The controversial work of Allen Jones may be synonymous with scantily clad salacious female forms – taking shape as functional pieces of furniture in some cases – so it’s not surprising that it’s not everyone’s cup of tea. But if anything, this retrospective of his work at the Royal Academy, which spans his entire career, will demonstrate the far-reaching influence of the pop artist.
The show will trace his career from the 60s up until the present. Abandoning simple chronology, the show’s curation opts for a theme-based approach, dissecting the preoccupations of Jones’ oeuvre and his fusing of painting, city life, advertising and American consumer culture. Working at the same time as Warhol, Hockney and Lichtenstein, his work is as challenging and shocking as it ever was and retains the undeniable Pop Art humour, graphic-qualities and provocative subject matter.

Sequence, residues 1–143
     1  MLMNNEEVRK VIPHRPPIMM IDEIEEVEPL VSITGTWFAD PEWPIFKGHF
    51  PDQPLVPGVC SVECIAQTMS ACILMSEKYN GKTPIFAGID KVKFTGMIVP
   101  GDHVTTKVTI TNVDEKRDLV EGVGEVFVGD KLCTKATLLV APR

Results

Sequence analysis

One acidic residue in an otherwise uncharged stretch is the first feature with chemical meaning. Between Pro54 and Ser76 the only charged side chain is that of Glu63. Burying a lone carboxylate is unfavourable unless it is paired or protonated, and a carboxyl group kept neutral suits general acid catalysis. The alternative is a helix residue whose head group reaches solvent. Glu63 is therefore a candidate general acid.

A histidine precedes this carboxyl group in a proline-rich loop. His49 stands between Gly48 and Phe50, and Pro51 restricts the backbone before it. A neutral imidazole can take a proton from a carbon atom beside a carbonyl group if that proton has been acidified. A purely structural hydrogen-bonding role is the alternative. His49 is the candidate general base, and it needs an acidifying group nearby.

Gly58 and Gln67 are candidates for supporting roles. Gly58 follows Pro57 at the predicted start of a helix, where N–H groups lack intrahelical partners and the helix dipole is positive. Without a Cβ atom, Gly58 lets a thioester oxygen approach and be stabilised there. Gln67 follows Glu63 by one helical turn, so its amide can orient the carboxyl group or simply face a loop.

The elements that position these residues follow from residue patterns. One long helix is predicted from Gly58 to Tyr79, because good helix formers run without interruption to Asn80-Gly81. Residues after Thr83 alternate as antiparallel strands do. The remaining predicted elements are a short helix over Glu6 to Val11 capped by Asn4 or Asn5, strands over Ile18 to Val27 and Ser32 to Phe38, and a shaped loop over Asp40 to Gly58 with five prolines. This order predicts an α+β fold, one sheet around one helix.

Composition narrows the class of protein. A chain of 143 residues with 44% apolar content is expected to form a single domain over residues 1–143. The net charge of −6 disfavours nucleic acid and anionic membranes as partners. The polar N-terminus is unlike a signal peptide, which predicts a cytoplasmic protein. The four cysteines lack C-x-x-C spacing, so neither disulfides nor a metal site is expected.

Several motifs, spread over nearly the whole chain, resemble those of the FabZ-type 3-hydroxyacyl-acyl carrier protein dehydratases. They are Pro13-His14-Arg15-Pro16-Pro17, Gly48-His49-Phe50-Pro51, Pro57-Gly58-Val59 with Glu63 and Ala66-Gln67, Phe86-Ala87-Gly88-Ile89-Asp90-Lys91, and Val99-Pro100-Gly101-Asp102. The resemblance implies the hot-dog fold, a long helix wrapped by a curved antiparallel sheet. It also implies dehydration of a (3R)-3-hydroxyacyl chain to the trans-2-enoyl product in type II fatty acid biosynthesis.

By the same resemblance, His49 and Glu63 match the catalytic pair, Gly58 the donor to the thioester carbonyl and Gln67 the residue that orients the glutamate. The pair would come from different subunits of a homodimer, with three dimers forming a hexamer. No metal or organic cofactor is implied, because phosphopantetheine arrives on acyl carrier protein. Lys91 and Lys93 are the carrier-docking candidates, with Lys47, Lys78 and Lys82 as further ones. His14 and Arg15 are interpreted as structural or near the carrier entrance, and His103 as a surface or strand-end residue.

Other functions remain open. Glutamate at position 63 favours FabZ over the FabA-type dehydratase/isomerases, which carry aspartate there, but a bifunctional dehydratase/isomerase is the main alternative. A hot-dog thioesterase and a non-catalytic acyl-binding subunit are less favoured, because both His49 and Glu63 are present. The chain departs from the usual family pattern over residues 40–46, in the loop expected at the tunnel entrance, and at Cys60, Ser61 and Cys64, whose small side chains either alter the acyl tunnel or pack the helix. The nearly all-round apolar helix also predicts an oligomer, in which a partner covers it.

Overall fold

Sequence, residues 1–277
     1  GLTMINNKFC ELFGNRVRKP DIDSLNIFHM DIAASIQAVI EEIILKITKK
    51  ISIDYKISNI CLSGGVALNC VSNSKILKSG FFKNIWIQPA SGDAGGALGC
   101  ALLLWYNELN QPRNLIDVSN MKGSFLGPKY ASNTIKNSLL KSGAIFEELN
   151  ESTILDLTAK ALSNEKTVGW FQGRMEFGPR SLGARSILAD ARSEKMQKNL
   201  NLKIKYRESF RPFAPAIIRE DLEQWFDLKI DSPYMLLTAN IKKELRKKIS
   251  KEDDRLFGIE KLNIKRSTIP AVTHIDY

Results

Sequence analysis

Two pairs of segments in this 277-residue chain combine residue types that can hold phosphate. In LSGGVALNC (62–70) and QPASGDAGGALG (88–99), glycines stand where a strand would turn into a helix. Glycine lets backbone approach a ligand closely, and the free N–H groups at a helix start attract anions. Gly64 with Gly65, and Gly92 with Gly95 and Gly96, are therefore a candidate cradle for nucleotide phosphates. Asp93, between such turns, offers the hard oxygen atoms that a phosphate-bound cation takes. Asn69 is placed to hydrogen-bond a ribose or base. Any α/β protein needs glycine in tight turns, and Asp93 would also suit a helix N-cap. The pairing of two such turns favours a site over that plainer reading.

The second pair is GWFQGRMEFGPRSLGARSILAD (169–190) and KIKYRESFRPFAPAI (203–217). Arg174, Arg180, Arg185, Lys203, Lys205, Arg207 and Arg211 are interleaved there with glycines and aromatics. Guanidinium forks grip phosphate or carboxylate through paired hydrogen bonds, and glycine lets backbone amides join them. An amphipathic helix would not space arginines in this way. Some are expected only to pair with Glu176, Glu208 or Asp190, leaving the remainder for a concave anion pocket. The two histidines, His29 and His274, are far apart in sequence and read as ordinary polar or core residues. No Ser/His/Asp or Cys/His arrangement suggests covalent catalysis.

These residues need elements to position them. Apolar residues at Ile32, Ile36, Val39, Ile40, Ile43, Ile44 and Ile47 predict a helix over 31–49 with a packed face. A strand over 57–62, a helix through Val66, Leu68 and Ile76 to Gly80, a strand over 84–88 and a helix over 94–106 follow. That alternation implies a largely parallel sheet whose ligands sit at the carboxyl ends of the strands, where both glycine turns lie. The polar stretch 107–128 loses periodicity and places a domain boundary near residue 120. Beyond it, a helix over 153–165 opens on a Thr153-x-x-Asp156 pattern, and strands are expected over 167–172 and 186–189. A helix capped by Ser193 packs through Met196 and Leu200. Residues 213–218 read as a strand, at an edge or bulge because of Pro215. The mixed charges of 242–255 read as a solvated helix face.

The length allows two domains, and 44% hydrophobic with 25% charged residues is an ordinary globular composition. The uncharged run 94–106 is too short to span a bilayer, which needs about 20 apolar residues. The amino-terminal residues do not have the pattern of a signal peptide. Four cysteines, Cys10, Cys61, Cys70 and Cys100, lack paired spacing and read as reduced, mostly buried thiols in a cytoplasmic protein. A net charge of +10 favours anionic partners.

The pinnacle moment in Jones’ artistic inspiration – and what came to be Jones’ trademark Hyper female forms – came from one little incident in Reno, 1965… or so the story goes. The plastic fantastic models and taut high-heel propped legs came to this British artist on a road trip in America, via a showgirl slot machine.
Works on display include that aforementioned fetish furniture, as well as rarely seen storyboards for the artworks. The show will also expose the influence of Jones on other artforms, and inevitably this includes fashion. His authority on the hyper real female form and its ambiguous messages haunts popular culture still today. Be that as it may, Jones’ acute awareness of visual language ensures this will be a challenging and eye-opening exhibition. (Words: Laura Thornley)
On until 25th January 2015. For more info visit: www.royalacademy.org.uk/exhibition/allen-jones-ra